Dark Reading is part of the Informa Tech Division of Informa PLC

This site is operated by a business or businesses owned by Informa PLC and all copyright resides with them.Informa PLC's registered office is 5 Howick Place, London SW1P 1WG. Registered in England and Wales. Number 8860726.

Vulnerabilities / Threats

9/22/2010
11:03 AM
Connect Directly
Google+
Twitter
RSS
E-Mail
50%
50%

Product Watch: eEye Revives Free Zero-Day Vulnerability Tracker Site

Aims to be a 'one-stop shop' for zero-day vulnerabilities, analysis

eEye Digital Security founder Marc Maiffret's recent return to the company was capped off today with the rerelease of an updated version of the security firm's freebie zero-day vulnerability disclosure and analysis service he once spearheaded.

The new Zero Day Tracker contains the latest zero-day vulnerabilities and analysis on each one -- including some being reported by eEye researchers -- and ways to mitigate and protect against attacks using these bugs. "We're trying to be more of a zero-day historian, if you will. We'll keep track of something we've seen or ZDI [or others] have done," Maiffret says. "This is a completely free public resource."

eEye's previous zero-day tracker page was out at a time when zero-day vulnerabilities weren't the predominant bugs being used in real-world attacks, he says. "We're seeing more commonly that zero-day vulnerabilities are now being used and in more widespread attacks. So we decided it was important to bring [the tracker service] back because it's even more relevant now," Maiffret says. "Organizations can come to the site and see a list of what's out there and how it might affect their business.

"Our goal is to be a one-stop shop page to see the status of all current zero-days," he says. "This is a resource for IT folks to see what the threat landscape looks like ... and making sure we keep pressure on software companies" to fix their vulnerabilities, he says.

eEye will include unpatched bugs on the site, and the bugs it discloses won't include details on how to exploit them until a patch is released, he says.

Maiffret says there's almost always a zero-day bug out there affecting the majority of Web application configurations. "The reality is that it doesn't matter how or when a researcher releases a zero-day," he says. "[It] doesn't dramatically change the threat landscape because there are five other better ones being used in the wild."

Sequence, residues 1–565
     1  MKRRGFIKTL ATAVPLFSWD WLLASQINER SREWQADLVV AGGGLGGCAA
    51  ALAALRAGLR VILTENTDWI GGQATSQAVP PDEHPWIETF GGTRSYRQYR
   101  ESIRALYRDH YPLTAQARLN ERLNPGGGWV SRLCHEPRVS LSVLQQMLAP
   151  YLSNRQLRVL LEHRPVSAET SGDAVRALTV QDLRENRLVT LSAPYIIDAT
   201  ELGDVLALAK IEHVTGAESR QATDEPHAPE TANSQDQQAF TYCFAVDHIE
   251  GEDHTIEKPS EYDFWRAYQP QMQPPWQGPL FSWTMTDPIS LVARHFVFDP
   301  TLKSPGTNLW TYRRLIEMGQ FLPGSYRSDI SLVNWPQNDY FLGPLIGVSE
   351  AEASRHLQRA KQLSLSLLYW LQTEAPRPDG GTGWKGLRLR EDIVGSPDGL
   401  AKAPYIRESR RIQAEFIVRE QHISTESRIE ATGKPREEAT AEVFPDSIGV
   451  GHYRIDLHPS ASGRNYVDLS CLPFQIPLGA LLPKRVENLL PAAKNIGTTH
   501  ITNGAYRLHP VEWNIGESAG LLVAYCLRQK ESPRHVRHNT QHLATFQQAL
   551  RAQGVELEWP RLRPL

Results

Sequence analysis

Have a comment on this story? Please click "Discuss" below. If you'd like to contact Dark Reading's editors directly, send us a message.

Kelly Jackson Higgins is the Executive Editor of Dark Reading. She is an award-winning veteran technology and business journalist with more than two decades of experience in reporting and editing for various publications, including Network Computing, Secure Enterprise ... View Full Bio

Comment  | 
Print  | 
More Insights
Comments
Newest First  |  Oldest First  |  Threaded View
The Cold Truth about Cyber Insurance
Chris Kennedy, CISO & VP Customer Success, AttackIQ,  11/7/2019
Why Cyber-Risk Is a C-Suite Issue
Marc Wilczek, Digital Strategist & CIO Advisor,  11/12/2019
6 Small-Business Password Managers
Curtis Franklin Jr., Senior Editor at Dark Reading,  11/8/2019
Register for Dark Reading Newsletters
White Papers
Video
Cartoon Contest
Current Issue
7 Threats & Disruptive Forces Changing the Face of Cybersecurity
This Dark Reading Tech Digest gives an in-depth look at the biggest emerging threats and disruptive forces that are changing the face of cybersecurity today.
Flash Poll
Rethinking Enterprise Data Defense
Rethinking Enterprise Data Defense
Frustrated with recurring intrusions and breaches, cybersecurity professionals are questioning some of the industrys conventional wisdom. Heres a look at what theyre thinking about.
Twitter Feed
Dark Reading - Bug Report
Bug Report
Enterprise Vulnerabilities
From DHS/US-CERT's National Vulnerability Database
CVE-2019-16863
PUBLISHED: 2019-11-14
STMicroelectronics ST33TPHF2ESPI TPM devices before 2019-09-12 allow attackers to extract the ECDSA private key via a side-channel timing attack because ECDSA scalar multiplication is mishandled, aka TPM-FAIL.
CVE-2019-18949
PUBLISHED: 2019-11-14
SnowHaze before 2.6.6 is sometimes too late to honor a per-site JavaScript blocking setting, which leads to unintended JavaScript execution via a chain of webpage redirections targeted to the user's browser configuration.
CVE-2011-1930
PUBLISHED: 2019-11-14
In klibc 1.5.20 and 1.5.21, the DHCP options written by ipconfig to /tmp/net-$DEVICE.conf are not properly escaped. This may allow a remote attacker to send a specially crafted DHCP reply which could execute arbitrary code with the privileges of any process which sources DHCP options.
CVE-2011-1145
PUBLISHED: 2019-11-14
The SQLDriverConnect() function in unixODBC before 2.2.14p2 have a possible buffer overflow condition when specifying a large value for SAVEFILE parameter in the connection string.
CVE-2011-1488
PUBLISHED: 2019-11-14
A memory leak in rsyslog before 5.7.6 was found in the way deamon processed log messages are logged when $RepeatedMsgReduction was enabled. A local attacker could use this flaw to cause a denial of the rsyslogd daemon service by crashing the service via a sequence of repeated log messages sent withi...